“One of the defining aspects of criticism is that the critic approaches the work with a set of standards, or even biases, to judge it by.” This observation, from literary critic and author Cynthia Ozick, is so obvious that it might seem pointless to articulate—but as the democratization of criticism morphs into something that more closely resembles digital garbage collection than a democratic nation-state, the role of a critic has become lost. A critic unaware of these biases is dishonest at best, or disinterested and a poor critic at worst. In an era in which CinemaSins commands an audience comparable to Roger Ebert and Moviebob’s YouTube followers would be impressive numbers for a local paper subscription, it’s genuinely difficult to find a good film critic. Too many have become too disinterested in criticism to actually be aware of their own biases—or worse yet, they deny the mere possibility that they too may be tainted with them. And any person unaware of their own assumptions about art is what I think Ozick would call a mere “reviewer.” Even if she’s a bit snotty, she’s right about something: there is something different between the work of a good critic and the Moviebobs of the world.
And the Boston Hassle’s lead critic and film editor Oscar Goff is one of these critics. There are very few film writers I read regularly more aware of their own tastes, assumptions, and limitations than Oscar. Any longtime reader of the Hassle already knows this. From identifying obscure album covers hidden in the production design to navigating the ethics of a performance and what makes it work or not, he understands what he loves (and not) about the movies—which makes the Hassle’s readers, in turn, better watchers of film. His The Bob’s Burgers Movie review might be the best case in point.
I want to make it clear: all of this is as it should be. Bob’s Burgers is not a show which lends itself to big narrative swings; there’s no “lore,” and, apart from a handful of runners and call-backs, it is blessedly non-serialized. Instead, The Bob’s Burgers Movie wisely focuses on what has made the show such an enduring success: the interplay between, and surprising warmth of, its core characters. As in Bouchard’s previous shows Dr. Katz: Professional Therapist and Home Movies (which also featured the voice of Benjamin, as well as several of Bob’s key supporting players), Bob’s Burgers is built on tight, occasionally improvised comic interplay between its voice actors, recorded in the same room whenever possible. What makes The Bob’s Burgers Movie isn’t the plot (though that is appropriately offbeat and lightly morbid) or the extended cinematic scenes; it’s the scenes of the Belcher children riffing off each other as they walk from one location to the next, or Bob’s groans of annoyance at Linda’s more overbearing moments. Even at its most extravagant, Bob’s Burgers isn’t about spectacle; it’s about the cheerful weirdos at the center of it all.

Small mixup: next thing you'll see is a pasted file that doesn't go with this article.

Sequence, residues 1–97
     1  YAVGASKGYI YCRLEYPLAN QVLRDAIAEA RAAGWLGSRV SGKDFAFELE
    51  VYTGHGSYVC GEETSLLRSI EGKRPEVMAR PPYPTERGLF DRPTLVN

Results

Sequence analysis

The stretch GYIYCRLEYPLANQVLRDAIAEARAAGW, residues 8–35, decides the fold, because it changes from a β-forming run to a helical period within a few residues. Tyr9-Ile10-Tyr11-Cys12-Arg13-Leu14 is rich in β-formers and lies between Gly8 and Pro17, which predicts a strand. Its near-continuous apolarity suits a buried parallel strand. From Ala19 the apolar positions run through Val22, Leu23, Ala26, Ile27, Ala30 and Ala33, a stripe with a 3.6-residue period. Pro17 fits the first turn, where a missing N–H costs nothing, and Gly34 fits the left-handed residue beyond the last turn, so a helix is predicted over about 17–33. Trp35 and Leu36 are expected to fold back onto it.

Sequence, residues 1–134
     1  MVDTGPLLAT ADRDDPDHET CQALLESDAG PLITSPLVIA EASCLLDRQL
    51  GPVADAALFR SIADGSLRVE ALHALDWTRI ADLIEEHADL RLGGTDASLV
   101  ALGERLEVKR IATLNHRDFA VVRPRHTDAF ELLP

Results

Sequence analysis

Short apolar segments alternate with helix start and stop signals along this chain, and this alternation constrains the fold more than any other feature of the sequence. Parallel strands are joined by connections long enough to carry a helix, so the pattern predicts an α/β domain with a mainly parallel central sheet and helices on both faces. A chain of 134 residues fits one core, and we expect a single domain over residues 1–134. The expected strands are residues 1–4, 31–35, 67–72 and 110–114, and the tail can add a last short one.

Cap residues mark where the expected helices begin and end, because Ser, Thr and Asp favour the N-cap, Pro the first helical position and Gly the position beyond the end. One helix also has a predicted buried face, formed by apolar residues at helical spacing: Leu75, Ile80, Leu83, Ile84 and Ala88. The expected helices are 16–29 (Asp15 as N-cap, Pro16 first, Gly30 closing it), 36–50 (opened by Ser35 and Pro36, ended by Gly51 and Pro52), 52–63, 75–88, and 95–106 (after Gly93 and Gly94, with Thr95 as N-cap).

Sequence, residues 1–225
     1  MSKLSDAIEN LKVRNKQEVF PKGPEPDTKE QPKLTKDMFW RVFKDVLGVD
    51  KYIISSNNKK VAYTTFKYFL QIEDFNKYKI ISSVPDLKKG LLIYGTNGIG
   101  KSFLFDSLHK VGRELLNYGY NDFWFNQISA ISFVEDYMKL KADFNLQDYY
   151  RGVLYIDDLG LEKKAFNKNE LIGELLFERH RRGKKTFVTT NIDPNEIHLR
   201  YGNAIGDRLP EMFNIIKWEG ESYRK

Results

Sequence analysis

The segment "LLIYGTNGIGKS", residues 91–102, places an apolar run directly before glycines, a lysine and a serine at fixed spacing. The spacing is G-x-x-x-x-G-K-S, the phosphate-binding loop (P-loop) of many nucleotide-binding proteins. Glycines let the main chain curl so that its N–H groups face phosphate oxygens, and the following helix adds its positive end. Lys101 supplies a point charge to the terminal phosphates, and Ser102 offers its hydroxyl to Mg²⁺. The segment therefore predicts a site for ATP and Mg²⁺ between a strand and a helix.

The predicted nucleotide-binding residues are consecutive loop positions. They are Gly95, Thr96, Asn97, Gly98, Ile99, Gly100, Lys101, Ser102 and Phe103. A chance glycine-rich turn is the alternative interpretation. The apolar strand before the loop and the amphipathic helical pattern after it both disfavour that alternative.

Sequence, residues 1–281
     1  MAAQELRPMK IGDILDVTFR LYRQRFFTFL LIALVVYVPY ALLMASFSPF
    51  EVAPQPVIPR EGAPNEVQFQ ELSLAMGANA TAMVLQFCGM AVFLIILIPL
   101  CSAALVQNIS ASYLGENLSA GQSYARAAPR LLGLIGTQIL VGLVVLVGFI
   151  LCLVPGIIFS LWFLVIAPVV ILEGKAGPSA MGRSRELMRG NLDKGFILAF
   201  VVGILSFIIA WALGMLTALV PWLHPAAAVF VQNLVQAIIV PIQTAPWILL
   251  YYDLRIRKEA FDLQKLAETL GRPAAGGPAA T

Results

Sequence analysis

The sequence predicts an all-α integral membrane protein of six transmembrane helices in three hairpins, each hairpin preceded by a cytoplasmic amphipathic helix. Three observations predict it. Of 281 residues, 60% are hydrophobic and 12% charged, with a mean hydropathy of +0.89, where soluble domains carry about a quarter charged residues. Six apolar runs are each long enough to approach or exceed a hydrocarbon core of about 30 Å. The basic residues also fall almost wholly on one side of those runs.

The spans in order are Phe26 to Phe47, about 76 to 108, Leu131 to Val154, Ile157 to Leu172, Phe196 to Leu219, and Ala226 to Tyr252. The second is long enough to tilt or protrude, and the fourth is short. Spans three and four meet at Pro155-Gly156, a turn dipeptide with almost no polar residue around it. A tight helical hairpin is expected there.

Without ever having seen a single frame of Bob’s Burgers (despite being told several times that I look like “Tina”), I know whether or not the movie is up my alley. More importantly, I understand why someone would like the movie even if I wouldn’t.
Of course, it would be a mistake to confuse awareness with predictability. In fact, with Oscar’s tastes, I’m not sure predictability is a possibility. One of the reviews on this list interprets a film through the viral “Milkshake Duck” tweet—something I’m not sure another critic in this timezone would have the nerdy pluckiness to pull off…but it works. And that’s what’s most admirable about Oscar’s reviews.
In no order, here are my five favorite reviews (and more) written by the Hassle’s film editor, Oscar Goff.
REVIEW: NOPE (2022) DIR. JORDAN PEELE
Jordan Peele’s first two movies, Get Out and especially Us, ensured his place alongside my other “can’t miss out” filmmakers. These are the sorts of working directors too interesting to miss in theaters. Even if I don’t always like their work, they are doing something strange enough that demands attention from cinephiles.
But I didn’t particularly enjoy Nope, one of Oscar’s favorites of the year. And I realized, when reading Oscar’s review of Peele’s third film, that I was so caught up in the biblical mythmaking and sci-fi of it all that I just didn’t properly sit with a few of the key performances—which are sort of a fundamental aspect of moviemaking. That’s something the best of critics do: draw attention to the parts of a movie that affected them and explain why, perhaps helping the same part in turn work better for their audience. I appreciated Nope more after this review.